Archive for July, 2007

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The Double Edge Flip Flop

July 31, 2007

Sometimes it is necessary to use both the rising and the falling edge of the clock to sample the data. This is sometimes needed in many DDR applications (naturally). The double edge flop is sometimes depicted like that:

deff1.png

The most simple design one can imagine (at least me…), would be to use two flip flops. One sensitive to the rising edge of the clock, the other to the falling edge and to MUX the outputs of both, using the clock itself as the select. This approach is shown below:

deff2.png

What’s wrong with the above approach? Well in an ideal world it is OK, but we have to remember that semi-custom tools/users don’t like to have the clock in the data path. This requirement is justified and can cause a lot of headaches later when doing the clock tree synthesis and when analyzing the timing reports. It is a good idea to avoid such constructions unless they are absolutely necessary. This recommendation applies also for the reset net – try not combining the reset net into your logic clouds.

Here is a cool circuit that can help solve this problem:

deff3.png

I will not take the pleasure from you of drawing the timing diagrams yourself 🙂 and realizing how and why this circuit works, let me just say that IMHO this is a darn cool circuit!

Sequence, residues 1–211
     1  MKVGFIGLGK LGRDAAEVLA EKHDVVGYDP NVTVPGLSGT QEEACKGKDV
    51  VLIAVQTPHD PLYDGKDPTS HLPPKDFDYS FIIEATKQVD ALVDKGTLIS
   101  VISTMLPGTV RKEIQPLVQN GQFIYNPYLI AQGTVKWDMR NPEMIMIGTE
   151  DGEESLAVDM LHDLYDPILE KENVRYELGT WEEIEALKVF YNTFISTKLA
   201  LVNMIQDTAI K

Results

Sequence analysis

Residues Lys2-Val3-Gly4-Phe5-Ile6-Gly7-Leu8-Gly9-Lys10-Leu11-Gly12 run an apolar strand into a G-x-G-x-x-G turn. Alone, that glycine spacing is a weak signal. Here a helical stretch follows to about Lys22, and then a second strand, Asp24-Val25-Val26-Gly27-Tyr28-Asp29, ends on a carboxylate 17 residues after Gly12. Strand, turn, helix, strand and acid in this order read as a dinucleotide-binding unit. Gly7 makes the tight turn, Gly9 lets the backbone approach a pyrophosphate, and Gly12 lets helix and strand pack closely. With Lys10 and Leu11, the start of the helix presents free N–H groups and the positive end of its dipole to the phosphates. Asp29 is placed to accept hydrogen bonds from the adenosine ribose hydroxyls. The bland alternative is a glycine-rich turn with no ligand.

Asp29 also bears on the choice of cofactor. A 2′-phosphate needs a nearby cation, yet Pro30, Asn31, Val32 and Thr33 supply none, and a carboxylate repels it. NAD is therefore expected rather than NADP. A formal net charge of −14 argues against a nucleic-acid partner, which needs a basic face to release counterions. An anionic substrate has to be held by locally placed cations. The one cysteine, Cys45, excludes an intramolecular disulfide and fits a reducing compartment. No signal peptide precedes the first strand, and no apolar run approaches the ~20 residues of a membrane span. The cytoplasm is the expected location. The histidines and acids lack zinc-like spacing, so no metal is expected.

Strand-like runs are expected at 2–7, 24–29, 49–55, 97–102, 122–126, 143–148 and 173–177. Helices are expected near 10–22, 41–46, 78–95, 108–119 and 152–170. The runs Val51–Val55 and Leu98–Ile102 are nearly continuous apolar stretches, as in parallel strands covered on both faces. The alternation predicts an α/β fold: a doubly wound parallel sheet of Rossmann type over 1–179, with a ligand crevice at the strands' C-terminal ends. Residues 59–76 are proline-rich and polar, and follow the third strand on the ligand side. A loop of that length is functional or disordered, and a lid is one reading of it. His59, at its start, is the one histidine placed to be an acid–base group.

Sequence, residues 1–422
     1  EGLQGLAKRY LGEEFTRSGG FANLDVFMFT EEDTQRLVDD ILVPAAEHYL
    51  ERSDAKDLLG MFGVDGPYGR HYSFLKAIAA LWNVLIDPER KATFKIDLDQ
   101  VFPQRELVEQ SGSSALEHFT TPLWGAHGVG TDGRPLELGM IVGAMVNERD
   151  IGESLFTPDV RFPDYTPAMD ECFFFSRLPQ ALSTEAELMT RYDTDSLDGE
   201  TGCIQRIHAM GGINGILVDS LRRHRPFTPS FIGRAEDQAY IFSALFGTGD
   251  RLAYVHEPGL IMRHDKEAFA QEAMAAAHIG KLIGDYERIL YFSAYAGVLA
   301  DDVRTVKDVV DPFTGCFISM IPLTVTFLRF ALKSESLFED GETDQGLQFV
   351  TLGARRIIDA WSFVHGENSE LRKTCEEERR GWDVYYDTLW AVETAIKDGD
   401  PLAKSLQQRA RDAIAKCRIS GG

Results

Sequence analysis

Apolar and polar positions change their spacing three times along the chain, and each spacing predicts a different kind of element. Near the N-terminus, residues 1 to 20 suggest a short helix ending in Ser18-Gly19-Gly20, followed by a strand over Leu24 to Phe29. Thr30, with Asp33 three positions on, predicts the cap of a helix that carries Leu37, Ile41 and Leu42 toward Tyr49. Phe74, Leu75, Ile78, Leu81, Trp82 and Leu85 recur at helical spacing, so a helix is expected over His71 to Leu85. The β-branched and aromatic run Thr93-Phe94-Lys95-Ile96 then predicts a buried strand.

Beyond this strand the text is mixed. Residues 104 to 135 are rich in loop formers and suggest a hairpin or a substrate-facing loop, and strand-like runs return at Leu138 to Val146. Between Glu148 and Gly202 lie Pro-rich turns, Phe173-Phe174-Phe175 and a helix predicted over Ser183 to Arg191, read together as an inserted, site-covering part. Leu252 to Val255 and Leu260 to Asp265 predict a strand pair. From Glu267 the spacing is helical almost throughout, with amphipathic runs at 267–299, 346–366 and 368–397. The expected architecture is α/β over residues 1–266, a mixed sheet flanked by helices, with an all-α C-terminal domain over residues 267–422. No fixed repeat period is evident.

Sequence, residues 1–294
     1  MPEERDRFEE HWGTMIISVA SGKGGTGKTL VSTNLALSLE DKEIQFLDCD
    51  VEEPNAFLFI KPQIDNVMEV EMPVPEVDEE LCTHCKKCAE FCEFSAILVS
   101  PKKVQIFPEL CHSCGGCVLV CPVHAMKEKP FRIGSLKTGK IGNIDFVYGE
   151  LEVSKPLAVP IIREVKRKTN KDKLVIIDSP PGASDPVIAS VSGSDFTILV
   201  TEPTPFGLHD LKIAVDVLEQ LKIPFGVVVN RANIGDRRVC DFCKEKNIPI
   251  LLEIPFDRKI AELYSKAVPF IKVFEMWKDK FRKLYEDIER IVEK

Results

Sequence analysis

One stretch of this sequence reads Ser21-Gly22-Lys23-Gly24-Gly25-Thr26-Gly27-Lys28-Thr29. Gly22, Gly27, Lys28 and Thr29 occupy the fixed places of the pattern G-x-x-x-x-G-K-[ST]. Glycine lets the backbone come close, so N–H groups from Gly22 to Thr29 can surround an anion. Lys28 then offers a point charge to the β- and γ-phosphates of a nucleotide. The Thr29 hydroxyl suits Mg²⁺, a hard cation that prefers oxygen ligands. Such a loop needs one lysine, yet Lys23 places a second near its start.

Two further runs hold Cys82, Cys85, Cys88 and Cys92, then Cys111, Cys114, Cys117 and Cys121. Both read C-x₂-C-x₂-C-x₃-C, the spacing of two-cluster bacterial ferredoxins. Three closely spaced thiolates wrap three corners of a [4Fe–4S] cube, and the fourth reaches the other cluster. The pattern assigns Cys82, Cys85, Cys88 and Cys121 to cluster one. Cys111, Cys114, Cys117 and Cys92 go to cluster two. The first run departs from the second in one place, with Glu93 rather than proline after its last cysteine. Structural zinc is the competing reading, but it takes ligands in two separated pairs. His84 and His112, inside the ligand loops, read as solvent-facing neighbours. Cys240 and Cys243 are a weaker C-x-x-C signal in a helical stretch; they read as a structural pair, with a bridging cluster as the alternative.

Searching the web a bit I came across a paper which describes practically the same idea by Ralf Hildebrandt. He names it a “Pseudo Dual-Edge Flip Flop”, you can find his short (but more detailed) description, including a VHDL code, here.

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Replication

July 25, 2007

Replication is an extremely important technique in digital design. The basic idea is that under some circumstances it is useful to take the same logic cloud or the same flip-flops and produce more instances of them, even though only a single copy would normally be enough from a logical point of view.
Why would I want to spend more area on my chip and create more logic when I know I could do without it?

Imagine the situation on the picture below. The darkened flip-flop has to drive 3 other nets all over the chip and due to the physical placement of the capturing flops it can not be placed close by to all of them. The layout tool finds as a compromise some place in the middle, which in turn will generate a negative slack on all the paths.

replication1.png

We notice that in the above example the logic cloud just before the darkened flop has a positive slack or in other words, “some time to give”. We now use this and produce a copy of the darkened flop, but this time closer to each of the capturing flops.

replication2.png

Yet another option, is to duplicate the entire logic cloud plus the sending flop, as pictured below. This will usually generate even better results.

replication3.png

Notice that we also reduce the fan out of the driving flop, thus further improving on timing.